As marketing and sales professionals, we have all dealt with the occasional customer that seems keenly focused on price and won’t focus on anything but price until they are satisfied. This used to be rare but is now becoming the norm, even for traditionally complex products and services that must be configured to solve a specific problem.
Dave Brock, President and CEO of Partners In EXCELLENCE, wrote a good piece on his Partners in Excellence blog titled, Price is Never the only decision criteria!. As a top sales consultant, Dave has been encountering an increasingly number of clients’ reps that cite Pricing as the first thing customers want to know.
Here’s a short excerpt:
“One of my usual questions, fairly early on, is: What are your prospect’s decision criteria and priorities?
100% of the time, the response is Price!
And I wait….. but there’s silence.
‘Tell me something new, price is always an issue. It may be their top issue, but it is never their only issue! What other things are they going to base their decision on?’ Over 80% of the time, I get blank stares. ‘We don’t know, they keep focusing on price.’ is the response from the sales person.“
This isn’t just a figment of Sales’ imagination or an excuse for poor sales results. There are hard surveys that back up the idea that customers DO want to understand pricing first before they spend any time understanding your Value Proposition. We’ll discuss why in a moment but here’s the proof.
Take a look at the results of this B2B Buyer’s Study (click to enlarge) done by MarketingSherpa and Enquiro:
According to this group of 1,000 B2B prospects, they want Pricing before the Value Proposition (product info/benefits)!
Don’t take it personally, it’s not your fault.
The simple answer is TIME … THEIR TIME … or the the lack thereof
My opinion for why this is happening in B2B sales is based on examining the PROSPECT’S TIME vs. CONTENT problem. Look at the following graphic showing the prospect’s time in green.
Before the internet marketing explosion, prospects had ample time to review and digest offerings from a variety of vendors. The process was slower and generally consisted of attending trade shows, conferences and reading industry magazines.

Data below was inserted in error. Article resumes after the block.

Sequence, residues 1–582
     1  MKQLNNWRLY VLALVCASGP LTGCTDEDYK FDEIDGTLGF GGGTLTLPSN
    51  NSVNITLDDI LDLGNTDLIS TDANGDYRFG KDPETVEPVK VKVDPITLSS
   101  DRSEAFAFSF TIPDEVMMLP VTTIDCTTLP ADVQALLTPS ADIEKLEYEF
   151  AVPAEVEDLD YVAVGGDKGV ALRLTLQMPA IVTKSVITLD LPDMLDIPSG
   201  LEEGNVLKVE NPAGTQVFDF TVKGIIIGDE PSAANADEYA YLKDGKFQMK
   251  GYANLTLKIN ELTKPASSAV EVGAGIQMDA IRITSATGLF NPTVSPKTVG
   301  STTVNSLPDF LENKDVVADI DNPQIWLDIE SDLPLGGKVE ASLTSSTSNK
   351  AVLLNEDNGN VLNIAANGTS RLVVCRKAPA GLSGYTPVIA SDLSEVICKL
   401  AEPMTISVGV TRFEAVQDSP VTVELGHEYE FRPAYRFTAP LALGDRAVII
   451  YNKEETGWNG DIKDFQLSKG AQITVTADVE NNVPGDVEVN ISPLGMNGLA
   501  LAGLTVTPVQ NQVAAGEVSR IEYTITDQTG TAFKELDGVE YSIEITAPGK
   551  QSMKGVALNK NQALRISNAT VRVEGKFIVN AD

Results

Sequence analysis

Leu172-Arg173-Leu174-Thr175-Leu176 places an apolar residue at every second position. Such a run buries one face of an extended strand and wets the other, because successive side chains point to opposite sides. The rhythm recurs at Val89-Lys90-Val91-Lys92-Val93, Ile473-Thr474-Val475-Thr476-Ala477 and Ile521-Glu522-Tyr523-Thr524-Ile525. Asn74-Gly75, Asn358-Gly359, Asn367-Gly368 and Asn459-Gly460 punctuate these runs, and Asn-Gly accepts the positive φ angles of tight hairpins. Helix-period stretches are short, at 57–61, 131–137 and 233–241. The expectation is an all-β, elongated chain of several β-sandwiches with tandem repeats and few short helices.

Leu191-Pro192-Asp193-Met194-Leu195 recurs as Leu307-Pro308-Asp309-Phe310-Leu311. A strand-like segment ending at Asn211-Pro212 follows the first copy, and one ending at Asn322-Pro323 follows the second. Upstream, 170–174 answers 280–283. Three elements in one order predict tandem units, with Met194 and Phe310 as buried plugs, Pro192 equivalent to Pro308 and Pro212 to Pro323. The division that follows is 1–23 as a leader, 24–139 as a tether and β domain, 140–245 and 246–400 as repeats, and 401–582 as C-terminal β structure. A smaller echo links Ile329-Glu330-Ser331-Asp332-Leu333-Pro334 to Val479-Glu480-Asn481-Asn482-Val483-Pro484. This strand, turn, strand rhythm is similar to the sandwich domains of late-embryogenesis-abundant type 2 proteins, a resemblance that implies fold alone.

Then, around 2000, Internet Marketers started generating digital content … and more content … and more content.
Prospective customers love it. They no longer have to travel to get the latest information about the products and services they need.
The problem is, the TIME vs. CONTENT ratio has reversed as shown in the following diagram:
The prospect simply does not have time to digest all of the available solutions to his or her problem. The quantity of information is overwhelming.
So, knowing that she will never be able to completely analyze all of the options she decides to eliminate some vendors based on affordability. If she can pare down the group to a “short list” of potential providers, then she can more thoroughly choose between the remaining vendors. This improves the Time to Content ratio in the prospects favor as shown below:
Using a short list based on affordability, or budget fit, a prospect can now dive deeper into the remaining vendor’s content. The prospective customer has used budget fit at the very beginning of their research to save themselves time.
This revelation means that the savvy B2B marketer may be missing good prospects by focusing too heavily on product content and not providing a way for a website visitor to easily get budgetary pricing.
With this new paradigm, the new engagement model looks something like this:
Take a look at your own website. Do you have an easy way for prospects to Request a Quote without filling out a useless web form?
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